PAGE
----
Possible Problems with Dental Veneers That You Should Know Before Proceeding

All medical and dental procedures come with risks and potential issues. Understanding what those issues and risks help you be better informed and decide for yourself if you will proceed with the chosen procedure. In this case, you are looking at dental veneers, which are a form of cosmetic dentistry. While most patients rarely have a problem with their veneers after they are applied, it only takes one misstep in caring for veneers to undo it all. Before you choose veneers to whiten and perfect your smile, you should know all the possible problems you may encounter if you are not proactive about preventive care for these cosmetic "teeth." 

Resin Veneers May Need Higher Maintenance Than Porcelain Ones

Veneers are wafer-thin, only about a half millimeter thick. There are two main types: porcelain and resin. Resin, being a fancy name for hard plastic, may require a lot more maintenance than its porcelain counterpart when it comes to these teeth covers. If you want your veneers to last a long time, opt for the porcelain ones, or the porcelain-resin composite ones (which are a little cheaper than just porcelain).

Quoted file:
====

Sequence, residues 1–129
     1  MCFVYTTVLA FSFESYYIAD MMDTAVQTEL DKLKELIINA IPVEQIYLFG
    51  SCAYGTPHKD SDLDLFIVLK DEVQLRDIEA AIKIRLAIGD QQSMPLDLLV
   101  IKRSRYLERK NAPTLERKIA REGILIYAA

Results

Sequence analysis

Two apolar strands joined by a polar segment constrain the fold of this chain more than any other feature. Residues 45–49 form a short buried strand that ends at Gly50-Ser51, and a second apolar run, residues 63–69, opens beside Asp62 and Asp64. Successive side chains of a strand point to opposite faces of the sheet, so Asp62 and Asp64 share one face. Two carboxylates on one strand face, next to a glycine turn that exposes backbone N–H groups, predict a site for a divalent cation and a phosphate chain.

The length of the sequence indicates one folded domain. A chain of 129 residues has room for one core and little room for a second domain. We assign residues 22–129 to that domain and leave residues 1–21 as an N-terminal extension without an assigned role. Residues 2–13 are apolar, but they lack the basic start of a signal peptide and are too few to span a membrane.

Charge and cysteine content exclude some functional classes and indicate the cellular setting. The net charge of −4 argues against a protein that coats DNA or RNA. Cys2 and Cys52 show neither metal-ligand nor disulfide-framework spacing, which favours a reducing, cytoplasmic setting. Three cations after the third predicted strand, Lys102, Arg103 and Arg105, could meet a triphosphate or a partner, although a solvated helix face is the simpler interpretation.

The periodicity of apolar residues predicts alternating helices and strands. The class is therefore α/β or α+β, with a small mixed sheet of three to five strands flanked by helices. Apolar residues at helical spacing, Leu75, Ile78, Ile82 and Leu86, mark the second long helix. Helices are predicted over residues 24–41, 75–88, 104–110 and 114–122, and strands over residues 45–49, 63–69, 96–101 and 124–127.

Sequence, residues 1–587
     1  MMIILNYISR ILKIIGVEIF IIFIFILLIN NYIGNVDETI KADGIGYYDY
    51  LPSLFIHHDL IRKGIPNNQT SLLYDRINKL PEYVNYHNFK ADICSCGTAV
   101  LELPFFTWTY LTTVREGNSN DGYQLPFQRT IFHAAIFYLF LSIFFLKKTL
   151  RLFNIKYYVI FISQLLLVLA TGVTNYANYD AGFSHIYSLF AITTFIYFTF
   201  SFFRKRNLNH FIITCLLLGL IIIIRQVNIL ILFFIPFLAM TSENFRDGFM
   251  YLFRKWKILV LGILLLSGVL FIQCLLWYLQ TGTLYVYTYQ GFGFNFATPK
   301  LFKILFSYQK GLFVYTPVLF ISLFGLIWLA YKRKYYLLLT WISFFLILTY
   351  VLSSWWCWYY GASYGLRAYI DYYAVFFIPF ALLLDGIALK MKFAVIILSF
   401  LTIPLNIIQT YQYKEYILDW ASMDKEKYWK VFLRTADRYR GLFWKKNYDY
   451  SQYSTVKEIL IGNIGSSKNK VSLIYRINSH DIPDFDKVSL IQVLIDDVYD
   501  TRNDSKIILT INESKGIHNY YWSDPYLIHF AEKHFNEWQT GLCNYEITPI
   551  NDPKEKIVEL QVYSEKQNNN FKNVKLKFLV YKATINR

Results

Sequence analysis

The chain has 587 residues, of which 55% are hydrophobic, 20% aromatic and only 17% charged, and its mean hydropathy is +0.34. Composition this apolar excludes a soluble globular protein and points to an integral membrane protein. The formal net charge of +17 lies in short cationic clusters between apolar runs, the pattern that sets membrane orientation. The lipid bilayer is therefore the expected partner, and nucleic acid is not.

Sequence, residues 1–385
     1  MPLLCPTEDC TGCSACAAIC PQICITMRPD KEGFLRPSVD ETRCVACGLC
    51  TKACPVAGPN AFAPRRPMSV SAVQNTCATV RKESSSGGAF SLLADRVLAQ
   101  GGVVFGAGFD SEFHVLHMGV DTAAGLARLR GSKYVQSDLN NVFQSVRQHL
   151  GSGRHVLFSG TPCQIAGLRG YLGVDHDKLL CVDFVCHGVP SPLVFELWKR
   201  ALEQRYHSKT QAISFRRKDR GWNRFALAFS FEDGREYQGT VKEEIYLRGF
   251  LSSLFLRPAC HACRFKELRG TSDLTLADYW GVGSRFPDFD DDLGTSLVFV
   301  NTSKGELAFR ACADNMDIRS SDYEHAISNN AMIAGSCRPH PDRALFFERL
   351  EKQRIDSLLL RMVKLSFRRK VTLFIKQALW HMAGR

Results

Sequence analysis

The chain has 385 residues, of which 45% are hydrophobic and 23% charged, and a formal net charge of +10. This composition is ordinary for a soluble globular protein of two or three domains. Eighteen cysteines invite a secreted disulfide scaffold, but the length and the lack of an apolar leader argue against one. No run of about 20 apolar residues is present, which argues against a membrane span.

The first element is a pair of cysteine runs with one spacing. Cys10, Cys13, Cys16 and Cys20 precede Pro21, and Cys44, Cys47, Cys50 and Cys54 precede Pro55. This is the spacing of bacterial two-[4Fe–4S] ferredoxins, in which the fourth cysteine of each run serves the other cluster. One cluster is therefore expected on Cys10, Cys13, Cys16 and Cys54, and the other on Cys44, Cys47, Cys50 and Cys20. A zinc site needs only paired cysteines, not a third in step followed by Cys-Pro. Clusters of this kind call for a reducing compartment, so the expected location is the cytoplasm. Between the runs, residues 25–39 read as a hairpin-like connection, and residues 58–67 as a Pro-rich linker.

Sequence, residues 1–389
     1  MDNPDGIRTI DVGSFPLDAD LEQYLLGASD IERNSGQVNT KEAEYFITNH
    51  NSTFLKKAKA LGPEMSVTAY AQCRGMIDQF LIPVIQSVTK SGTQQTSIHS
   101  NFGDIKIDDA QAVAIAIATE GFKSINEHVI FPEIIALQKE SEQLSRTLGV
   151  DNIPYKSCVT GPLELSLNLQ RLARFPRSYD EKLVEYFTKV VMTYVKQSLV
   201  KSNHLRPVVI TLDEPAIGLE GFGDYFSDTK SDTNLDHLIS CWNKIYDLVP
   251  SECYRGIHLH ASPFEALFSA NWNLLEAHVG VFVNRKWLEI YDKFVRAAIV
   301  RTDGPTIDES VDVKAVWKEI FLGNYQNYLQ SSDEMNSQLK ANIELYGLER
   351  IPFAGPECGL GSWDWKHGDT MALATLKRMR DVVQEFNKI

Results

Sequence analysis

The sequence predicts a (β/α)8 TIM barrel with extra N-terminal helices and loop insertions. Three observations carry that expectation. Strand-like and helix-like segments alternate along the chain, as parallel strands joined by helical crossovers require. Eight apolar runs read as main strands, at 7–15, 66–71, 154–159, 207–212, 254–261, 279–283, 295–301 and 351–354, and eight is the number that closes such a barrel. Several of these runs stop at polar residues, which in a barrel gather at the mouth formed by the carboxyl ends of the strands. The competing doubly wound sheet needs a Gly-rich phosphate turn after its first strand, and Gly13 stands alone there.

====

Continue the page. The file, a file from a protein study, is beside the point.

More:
Veneers Can Break Unless You Follow Your Dentist's Care Rules

Veneers typically refer to a surface material applied to a more solid material behind or under the veneer. Not surprisingly, that is exactly what a dental veneer is; your teeth are the solid material. If you use your teeth to open bottles, cans, bags of chips, etc., you can break the veneers. Your dentist will give you strict care instructions to protect your veneers and keep them in excellent condition for years to come. Resin veneers can break faster than porcelain veneers because porcelain is stronger, but if you follow the care rules your dentist gives, you should be fine.

Veneers Can Discolor over Time

While they can provide you with an incredible smile, veneers are only a semi-permanent solution for a perfectly white and perfectly shaped set of teeth. The veneers are designed to slowly accept discoloration over time in order to look as natural as the aging process of your own teeth. Whitening toothpaste will help slow down the "aging" process of veneers, and caring for your teeth behind the veneers helps maintain the whiteness of your smile, too. The biggest thing to remember about this cosmetic procedure is prevention and care. Take excellent care of the veneers, and they will last longer and look better for the effort you make. 

If you want further information about veneers, contact services such as Aaron G Birch, DDS PC. They can help you determine if veneers are right for you.